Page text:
Climate Change and Utah: The Scientific Consensus
As directed by Governor Jon Huntsman’s Blue Ribbon Advisory Council on Climate Change (BRAC), this report summarizes present scientific understanding of climate change and its potential impacts on Utah and the western United States. Prepared by scientists from the University of Utah, Utah State University, Brigham Young University, and the United States Department of Agriculture, the report emphasizes the consensus view of the national and international scientific community, with discussion of confidence and uncertainty as defined by the BRAC.
There is no longer any scientific doubt that the Earth’s average surface temperature is increasing and that changes in ocean temperature, ice and snow cover, and sea level are consistent with this global warming. In the past 100 years, the Earth’s average surface temperature has increased by about 1.3°F, with the rate of warming accelerating in recent decades. Eleven of the last 12 years have been the warmest since 1850 (the start of reliable weather records). Cold days, cold nights, and frost have become less frequent, while heat waves have become more common. Mountain glaciers, seasonal snow cover, and the Greenland and Antarctic ice sheets are decreasing in size, global ocean temperatures have increased, and sea level has risen about 7 inches since 1900 and about 1 inch in the past decade.
Based on extensive scientific research, there is very high confidence that human-generated increases in greenhouse gas concentrations are responsible for most of the global warming observed during the past 50 years. It is very unlikely that natural climate variations alone, such as changes in the brightness of the sun or carbon dioxide emissions from volcanoes, have produced this recent warming. Carbon dioxide concentrations are now more than 35% higher than pre-industrial levels and exceed the highest natural concentrations over at least the last several hundred thousand years.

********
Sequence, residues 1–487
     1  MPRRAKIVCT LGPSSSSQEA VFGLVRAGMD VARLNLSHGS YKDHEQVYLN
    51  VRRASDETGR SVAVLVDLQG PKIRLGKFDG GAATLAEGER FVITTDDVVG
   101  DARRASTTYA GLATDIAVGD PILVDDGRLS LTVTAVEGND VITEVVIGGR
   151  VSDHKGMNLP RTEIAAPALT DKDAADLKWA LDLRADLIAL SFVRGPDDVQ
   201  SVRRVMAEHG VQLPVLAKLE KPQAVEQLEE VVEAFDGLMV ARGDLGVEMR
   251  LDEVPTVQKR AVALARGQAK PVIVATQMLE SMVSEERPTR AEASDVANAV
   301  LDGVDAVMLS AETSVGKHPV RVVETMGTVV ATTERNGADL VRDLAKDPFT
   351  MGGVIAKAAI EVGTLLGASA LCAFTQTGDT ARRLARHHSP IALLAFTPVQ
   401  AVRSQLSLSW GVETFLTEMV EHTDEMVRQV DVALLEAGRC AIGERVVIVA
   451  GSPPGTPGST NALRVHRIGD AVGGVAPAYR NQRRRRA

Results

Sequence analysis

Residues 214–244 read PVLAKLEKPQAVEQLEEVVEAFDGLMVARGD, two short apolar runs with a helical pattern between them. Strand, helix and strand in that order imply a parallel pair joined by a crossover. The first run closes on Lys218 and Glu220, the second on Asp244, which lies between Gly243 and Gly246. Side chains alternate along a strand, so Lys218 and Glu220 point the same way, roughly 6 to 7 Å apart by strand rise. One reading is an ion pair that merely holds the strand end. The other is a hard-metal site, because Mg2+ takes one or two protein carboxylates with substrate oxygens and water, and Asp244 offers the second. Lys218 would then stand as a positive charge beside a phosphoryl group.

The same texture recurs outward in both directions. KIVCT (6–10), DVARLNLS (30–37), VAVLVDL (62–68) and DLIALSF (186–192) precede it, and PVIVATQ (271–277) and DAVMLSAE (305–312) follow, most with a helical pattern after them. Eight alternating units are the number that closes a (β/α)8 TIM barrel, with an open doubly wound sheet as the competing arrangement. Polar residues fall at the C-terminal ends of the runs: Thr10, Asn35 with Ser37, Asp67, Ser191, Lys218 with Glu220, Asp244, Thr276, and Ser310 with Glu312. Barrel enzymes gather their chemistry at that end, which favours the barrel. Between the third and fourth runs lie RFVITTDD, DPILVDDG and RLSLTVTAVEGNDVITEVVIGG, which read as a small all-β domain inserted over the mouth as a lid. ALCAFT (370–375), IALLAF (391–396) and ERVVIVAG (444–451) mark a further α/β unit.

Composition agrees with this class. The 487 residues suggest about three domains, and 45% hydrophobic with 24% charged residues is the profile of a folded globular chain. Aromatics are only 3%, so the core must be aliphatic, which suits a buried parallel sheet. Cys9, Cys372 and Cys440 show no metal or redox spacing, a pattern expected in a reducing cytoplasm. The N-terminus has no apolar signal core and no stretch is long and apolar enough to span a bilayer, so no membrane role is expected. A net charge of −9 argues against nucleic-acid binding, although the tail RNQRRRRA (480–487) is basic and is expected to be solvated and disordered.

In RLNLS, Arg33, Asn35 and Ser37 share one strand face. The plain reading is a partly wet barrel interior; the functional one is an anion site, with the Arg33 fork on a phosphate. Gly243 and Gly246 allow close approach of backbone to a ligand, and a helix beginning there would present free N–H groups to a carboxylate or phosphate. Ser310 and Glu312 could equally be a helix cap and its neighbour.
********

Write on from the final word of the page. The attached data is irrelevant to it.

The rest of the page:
It is likely that increases in greenhouse gas concentrations are contributing to several significant climate trends that have been observed over most of the western United States during the past 50 years. These trends are: (1) a several day increase in the frost-free growing season, (2) an earlier and warmer spring, (3) earlier flower blooms and tree leaf out for many plant species, (4) an earlier spring snowmelt and run off, and (5) a greater fraction of spring precipitation falling as rain instead of snow.
In Utah, the average temperature during the past decade was higher than observed during any comparable period of the past century and roughly 2oF higher than the 100 year average. Precipitation in our state during the 20th century was unusually high; droughts during other centuries have been more severe, prolonged, and widespread. Declines in low-elevation mountain snowpack have been observed over the past several decades in the Pacific Northwest and California. However, clear and robust long-term snowpack trends have yet to emerge in Utah’s mountains.
Climate models estimate an increase in the Earth’s average surface temperature of about 0.8°F over the next 20 years. For the next 100 years, the projected increase is between 3° and 7°F, depending on a range of credible estimates of future greenhouse gas emissions. These projections, combined with extensive scientific research on the climate system, indicate that continued warming will take place over the next several decades as a result of prior greenhouse gas emissions. Ongoing greenhouse gas emissions at or above current levels will further alter the Earth’s climate and very likely produce global temperature, sea level, and snow and ice changes greater than those observed during the 20th century.
What does this mean for Utah? Utah is projected to warm more than the average for the entire globe and the expected consequences of this warming are fewer frost days, longer growing seasons, and more heat waves. Studies of precipitation and runoff over the past several centuries and climate model projections for the next century indicate that ongoing greenhouse gas emissions at or above current levels will likely result in a decline in Utah’s mountain snowpack and the threat of severe and prolonged episodic drought in Utah is real. Preparation for the future impacts of climate variability and change on Utah requires enhanced monitoring and knowledge of Utah’s climate, as well as better understanding of the impacts of weather and climate on the state’s water availability, agriculture, industry, and natural resources.
- Home Return to the Utah Climate Center homepage.
- Climate Database Server Use a GIS interface to access climate data from COOP, GSOD and AWOS weather stations.
- Visualize Weather & Climate
- Plant Management Tools
- Utah AgWeather Net
- Water Rangers (CoCoRaHS UT)
- Climate Conversions Find tools for temperature, humidity, wind speed and other climate conversions.
- Freeze Dates, & Water Years